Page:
The first thing to recognize is that our polarization problem cannot find its solution within efforts to craft venues for better politics. This is because the dysfunctions we face lie with the fact that politics has colonized the entirety of our social lives. To explain, the social spaces we inhabit—our workplaces, neighborhoods, schools, markets, places of worship, and parks—are increasingly sorted according to our political affiliations. This means that our ordinary social interactions tend to put us in contact only with those who are politically much like ourselves. What’s more, we as individuals have come to organize more and more of our everyday lives around our political loyalties. Not only do our rivals assign political significance to our daily routine; we do too. We tend to understand our consumer behavior and broader lifestyle choices to be ways of signaling our political identities. So we take our decision to shop at Whole Foods (or Walmart) to be an expression of our political values. We wear camouflage apparel as a means of providing a public representation of our political identity. And the same goes for those of us who carry our sundry belongings around in the latest MSNBC tote, which revealingly bears the slogan “this is who we are.” Consequently, not only are our social environments politically uniform, they have also become spaces where the uniformity is made manifest to us. The categories and travails of democratic politics perpetually surround us, yet our surroundings are increasingly politically homogeneous and thus improperly democratic. Our social worlds reinforce our polarization.
We can now acknowledge that the trouble with pursuing bipartisanship in response to polarization is that the endeavor still puts politics at the center of our collective lives. However, the problem of polarization is in part the problem of the comprehensive infiltration of politics into our social lives. The problem of polarization thus does not find its solution in measures by which we can enact better politics—the problem is politics itself. To be sure, the bipartisan civic ethos is an indispensable ingredient of a flourishing democracy. But it cannot be cultivated under conditions where everything we do is plausibly regarded an expression of our political loyalties. When politics is all we ever do together, our efforts to repair democracy by means of strategies for enacting better politics are doomed simply to backfire. What is required instead is the reclaiming of regions of social space for shared activities that are in no way political, occasions for cooperative endeavors in which the participants’ political affiliations are not merely suppressed or bracketed, but irrelevant and out of place. If you now find yourself wondering whether such collaborations could possibly exist, you have placed your finger firmly on the problem of polarization. For polarization has led not only to the colonization of our social environments by politics, it also has enabled politics to seize and confine our social imagination. That we must struggle to conceptualize avenues of social collaboration that are not structured around our political identities is the fullest manifestation of the problem of polarization. To frame the upshot somewhat paradoxically, if we want to repair our democracy, we need to focus our collective attention elsewhere.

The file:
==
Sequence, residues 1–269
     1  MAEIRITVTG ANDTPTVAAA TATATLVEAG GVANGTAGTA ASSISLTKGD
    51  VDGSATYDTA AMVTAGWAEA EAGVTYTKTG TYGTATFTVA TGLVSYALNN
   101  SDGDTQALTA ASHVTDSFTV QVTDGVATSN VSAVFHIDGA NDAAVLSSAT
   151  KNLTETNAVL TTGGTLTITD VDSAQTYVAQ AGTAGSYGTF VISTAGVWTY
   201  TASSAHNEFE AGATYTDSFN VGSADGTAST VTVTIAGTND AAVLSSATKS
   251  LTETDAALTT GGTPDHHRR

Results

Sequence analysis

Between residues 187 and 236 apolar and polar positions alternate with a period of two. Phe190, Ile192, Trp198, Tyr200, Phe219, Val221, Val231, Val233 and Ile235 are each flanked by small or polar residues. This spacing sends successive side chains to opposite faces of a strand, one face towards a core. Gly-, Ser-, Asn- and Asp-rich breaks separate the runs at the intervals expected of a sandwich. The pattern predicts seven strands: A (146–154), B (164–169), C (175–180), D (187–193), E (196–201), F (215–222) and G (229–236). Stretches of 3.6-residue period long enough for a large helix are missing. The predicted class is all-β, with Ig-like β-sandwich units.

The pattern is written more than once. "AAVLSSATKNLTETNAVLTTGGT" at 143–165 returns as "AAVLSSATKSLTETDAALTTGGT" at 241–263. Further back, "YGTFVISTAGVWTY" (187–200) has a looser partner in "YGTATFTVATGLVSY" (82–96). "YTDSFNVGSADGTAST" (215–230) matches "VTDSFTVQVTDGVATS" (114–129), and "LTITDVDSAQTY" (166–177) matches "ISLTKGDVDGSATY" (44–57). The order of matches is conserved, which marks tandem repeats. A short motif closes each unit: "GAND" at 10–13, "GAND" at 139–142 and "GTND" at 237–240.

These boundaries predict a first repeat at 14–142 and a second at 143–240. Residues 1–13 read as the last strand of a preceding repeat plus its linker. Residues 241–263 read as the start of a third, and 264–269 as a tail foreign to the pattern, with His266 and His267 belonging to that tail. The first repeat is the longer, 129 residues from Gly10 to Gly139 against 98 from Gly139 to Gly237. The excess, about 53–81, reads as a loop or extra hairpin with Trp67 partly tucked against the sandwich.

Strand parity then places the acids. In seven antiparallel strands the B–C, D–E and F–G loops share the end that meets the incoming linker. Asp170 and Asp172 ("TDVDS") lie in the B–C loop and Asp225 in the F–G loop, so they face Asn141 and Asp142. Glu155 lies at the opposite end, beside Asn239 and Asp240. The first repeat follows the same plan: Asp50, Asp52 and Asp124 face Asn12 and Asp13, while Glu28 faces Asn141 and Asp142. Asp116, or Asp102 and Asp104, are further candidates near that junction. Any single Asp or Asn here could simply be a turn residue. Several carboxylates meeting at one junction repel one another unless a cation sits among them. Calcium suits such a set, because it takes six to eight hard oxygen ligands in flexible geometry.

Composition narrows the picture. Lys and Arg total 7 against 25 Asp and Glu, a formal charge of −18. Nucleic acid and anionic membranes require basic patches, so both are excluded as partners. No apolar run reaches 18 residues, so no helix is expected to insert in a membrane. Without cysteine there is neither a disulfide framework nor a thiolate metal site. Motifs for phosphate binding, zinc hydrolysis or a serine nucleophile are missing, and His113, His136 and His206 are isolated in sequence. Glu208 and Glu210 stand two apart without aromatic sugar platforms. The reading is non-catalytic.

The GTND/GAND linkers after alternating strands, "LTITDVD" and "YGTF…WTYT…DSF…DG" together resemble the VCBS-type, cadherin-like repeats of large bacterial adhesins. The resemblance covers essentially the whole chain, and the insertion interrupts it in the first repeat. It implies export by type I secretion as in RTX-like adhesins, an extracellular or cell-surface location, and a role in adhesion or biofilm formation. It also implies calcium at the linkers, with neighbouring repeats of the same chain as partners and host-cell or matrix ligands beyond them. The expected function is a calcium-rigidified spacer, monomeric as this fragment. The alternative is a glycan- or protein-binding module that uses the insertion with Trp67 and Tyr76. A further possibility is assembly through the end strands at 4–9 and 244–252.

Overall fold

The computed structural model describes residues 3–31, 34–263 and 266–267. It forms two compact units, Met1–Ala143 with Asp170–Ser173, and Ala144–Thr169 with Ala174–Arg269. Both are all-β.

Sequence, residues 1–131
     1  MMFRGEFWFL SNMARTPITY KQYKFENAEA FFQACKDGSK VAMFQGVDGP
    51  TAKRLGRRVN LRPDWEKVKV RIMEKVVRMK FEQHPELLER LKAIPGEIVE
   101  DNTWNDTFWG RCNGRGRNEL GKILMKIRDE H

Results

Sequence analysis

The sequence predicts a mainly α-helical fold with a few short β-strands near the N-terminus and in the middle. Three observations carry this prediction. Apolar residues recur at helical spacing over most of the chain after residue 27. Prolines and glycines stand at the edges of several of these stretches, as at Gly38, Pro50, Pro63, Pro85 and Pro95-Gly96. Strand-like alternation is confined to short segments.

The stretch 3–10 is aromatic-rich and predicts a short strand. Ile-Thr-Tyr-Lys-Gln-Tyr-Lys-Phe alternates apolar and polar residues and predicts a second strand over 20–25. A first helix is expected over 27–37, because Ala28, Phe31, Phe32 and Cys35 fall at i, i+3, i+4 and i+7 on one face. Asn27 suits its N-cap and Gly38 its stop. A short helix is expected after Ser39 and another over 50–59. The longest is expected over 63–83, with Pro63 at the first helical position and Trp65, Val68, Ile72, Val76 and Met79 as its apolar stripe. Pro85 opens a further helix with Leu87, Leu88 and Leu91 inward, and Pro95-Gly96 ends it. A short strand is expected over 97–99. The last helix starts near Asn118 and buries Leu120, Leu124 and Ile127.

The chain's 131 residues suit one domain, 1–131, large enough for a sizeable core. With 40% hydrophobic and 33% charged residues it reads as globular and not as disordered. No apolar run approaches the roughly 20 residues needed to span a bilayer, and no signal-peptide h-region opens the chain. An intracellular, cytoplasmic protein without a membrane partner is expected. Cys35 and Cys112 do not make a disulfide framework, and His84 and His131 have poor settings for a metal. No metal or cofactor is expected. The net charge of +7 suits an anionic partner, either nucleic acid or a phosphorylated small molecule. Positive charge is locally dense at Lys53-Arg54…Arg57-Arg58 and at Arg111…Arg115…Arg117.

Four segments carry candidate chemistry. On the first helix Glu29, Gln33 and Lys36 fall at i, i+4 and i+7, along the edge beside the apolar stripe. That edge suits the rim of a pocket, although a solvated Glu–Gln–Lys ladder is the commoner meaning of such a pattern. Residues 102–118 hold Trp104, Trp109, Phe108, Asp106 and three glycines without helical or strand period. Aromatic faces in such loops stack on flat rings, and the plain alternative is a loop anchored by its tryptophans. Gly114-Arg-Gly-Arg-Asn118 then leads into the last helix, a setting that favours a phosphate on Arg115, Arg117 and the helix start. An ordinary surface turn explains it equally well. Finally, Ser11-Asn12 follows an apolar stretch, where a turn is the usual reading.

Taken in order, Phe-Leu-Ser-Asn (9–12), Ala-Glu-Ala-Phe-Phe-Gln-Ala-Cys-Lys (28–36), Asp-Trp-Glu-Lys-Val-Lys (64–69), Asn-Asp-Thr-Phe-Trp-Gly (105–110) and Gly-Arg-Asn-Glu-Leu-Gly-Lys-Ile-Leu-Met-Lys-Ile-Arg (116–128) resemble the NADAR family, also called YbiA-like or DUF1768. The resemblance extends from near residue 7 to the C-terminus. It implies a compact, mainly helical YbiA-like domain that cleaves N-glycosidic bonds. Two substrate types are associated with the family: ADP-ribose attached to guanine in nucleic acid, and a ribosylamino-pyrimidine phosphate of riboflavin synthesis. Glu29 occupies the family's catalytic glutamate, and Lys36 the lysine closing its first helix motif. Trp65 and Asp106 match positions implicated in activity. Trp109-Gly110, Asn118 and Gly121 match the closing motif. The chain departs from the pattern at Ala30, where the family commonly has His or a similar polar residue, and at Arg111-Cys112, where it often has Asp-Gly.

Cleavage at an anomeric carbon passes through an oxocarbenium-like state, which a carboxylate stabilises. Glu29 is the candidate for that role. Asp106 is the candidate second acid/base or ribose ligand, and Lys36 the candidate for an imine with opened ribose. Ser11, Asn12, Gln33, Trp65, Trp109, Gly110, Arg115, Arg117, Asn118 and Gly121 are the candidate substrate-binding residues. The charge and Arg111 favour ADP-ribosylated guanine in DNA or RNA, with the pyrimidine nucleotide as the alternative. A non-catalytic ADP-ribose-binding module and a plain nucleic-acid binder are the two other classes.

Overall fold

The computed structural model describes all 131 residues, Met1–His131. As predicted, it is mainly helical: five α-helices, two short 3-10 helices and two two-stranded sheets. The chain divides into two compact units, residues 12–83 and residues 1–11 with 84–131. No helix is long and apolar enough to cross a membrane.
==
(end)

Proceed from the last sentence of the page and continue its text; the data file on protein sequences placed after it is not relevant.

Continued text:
This article previously appeared at 3:AM Magazine.
Featured image is A luncheon. The artist, his wife, and the writer Otto Benzon, by Peder Severin Krøyer